Southwest of it is what was once known as a hell-mouth, or an entrance to the otherworld, called Oweynagat Cave. It’s a small hole in a field at the bottom of a grassy lane that you’d never notice unless it was pointed out. It looks like a fox’s den until you crawl inside and see the carved ogham stone hidden above you. A long tunnel leads into an enormous limestone fissure beneath the earth. References in lore suggest it may have been a chamber of transformation, or a place of connection to the divine.
With Rathcroghan set to become an increasingly popular tourist site, the community has turned their attention to making the region more sustainable for themselves. Until now the archaeology had largely been a burden.
“The old remains have been a massive negative for farmers here,” explains Curley. “It stops them from cutting silage, from ploughing and from modernising their farms. It’s actually removing them from the landscape because for decades they haven’t been able to get planning permission. The local primary school closed down because there were no young people left.”
While interest in taking up farming is low enough in Ireland, here it has become chronic as young farmers see no chance of modernising due to the archaeological constraints. The only option seemed to be to sell the land off to some agricultural conglomerate who would have no connection with the area’s ancient lore. The team behind the visitor centre realised something had to be done, and managed to secure the first grant given by the European Innovation Partnership to an archaeological rather than a natural landscape. They now have €1 million to be spent over five years to help farmers shift to a more suitable and sustainable type of farming.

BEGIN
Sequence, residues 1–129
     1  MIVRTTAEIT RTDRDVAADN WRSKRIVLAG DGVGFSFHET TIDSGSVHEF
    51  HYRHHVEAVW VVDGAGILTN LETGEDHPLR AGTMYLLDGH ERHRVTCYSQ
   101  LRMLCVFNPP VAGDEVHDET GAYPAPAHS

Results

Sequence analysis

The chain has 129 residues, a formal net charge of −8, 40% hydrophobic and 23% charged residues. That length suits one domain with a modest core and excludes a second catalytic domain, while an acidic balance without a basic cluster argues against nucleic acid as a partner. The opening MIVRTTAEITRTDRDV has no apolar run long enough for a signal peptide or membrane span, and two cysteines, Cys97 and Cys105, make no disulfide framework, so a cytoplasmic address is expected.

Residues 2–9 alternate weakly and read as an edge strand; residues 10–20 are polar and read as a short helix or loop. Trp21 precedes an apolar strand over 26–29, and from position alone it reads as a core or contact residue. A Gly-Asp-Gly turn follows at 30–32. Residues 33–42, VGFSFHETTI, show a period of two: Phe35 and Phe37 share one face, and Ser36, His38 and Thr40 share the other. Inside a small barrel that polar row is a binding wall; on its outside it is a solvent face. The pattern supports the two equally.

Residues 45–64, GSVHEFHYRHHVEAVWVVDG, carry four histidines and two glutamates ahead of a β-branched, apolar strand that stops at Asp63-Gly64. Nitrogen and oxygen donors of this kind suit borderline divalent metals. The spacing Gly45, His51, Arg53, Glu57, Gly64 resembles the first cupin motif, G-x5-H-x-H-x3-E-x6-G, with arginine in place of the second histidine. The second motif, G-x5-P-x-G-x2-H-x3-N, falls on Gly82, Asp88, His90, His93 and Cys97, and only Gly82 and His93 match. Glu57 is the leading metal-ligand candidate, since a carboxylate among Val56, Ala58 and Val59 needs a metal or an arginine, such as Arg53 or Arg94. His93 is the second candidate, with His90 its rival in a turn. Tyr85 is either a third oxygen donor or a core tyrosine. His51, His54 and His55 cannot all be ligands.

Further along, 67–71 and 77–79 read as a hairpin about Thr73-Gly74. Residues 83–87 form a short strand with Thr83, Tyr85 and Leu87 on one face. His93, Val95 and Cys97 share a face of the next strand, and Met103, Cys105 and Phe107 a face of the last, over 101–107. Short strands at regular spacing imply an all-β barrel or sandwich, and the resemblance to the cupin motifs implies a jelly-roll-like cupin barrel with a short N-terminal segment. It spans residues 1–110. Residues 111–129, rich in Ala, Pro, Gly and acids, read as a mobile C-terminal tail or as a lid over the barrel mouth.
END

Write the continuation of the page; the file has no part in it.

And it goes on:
A different future
Farmers will spearhead the process, taking minor steps like fencing off a ringfort that is being eroded by cattle, or more elaborate transformations, such as replacing modern breeds of heavy European cattle with the smaller native breeds referred to in ancient historical and mythological tales of cattle raids in the area. A next step could be to replace the monocrop of modern Italian rye grass with a native meadow of biodiverse grasses and herbs, as was here for eons.
“One farmer has sought funding to re-establish a virtually extinct species of Roscommon sheep famous in the area for centuries, while another wants to establish a traditional fruit orchard,” says Curley. Others are investigating the potential of native woodland.
Rathcroghan could become not just a major archaeological tourism site, but also a unique food-producing region cultivating meat, vegetables, cheese, nuts and fruit in similar ways to our ancient ancestors. Ambitiously, it could even become the first area in Ireland with its own EU-recognised designation as a re-established Iron Age farming landscape, producing unique products in a biodiverse ecological sanctuary.
It will take time for farmers to abandon slurry tanks and chemical sprays, and shift to the mindset and practises of their forbearers who tended this land for millennia, but the fact that the current farming model cannot work for their children encourages at least some of them to take the leap.
“It’s about thinking outside the box,” says Curley, “getting people to imagine a different future. In truth, we can only offer relatively small financial assistance to farmers over the five years, but we can provide training too, in skills like working with traditional animal breeds, stone wall construction, etc. I’m certainly not promising it’s going to be easy, but the opportunities to create something truly world class here in Roscommon is palpable. It just requires us working together.
“We’ve got this far as a community, who’s going to stop us now?” r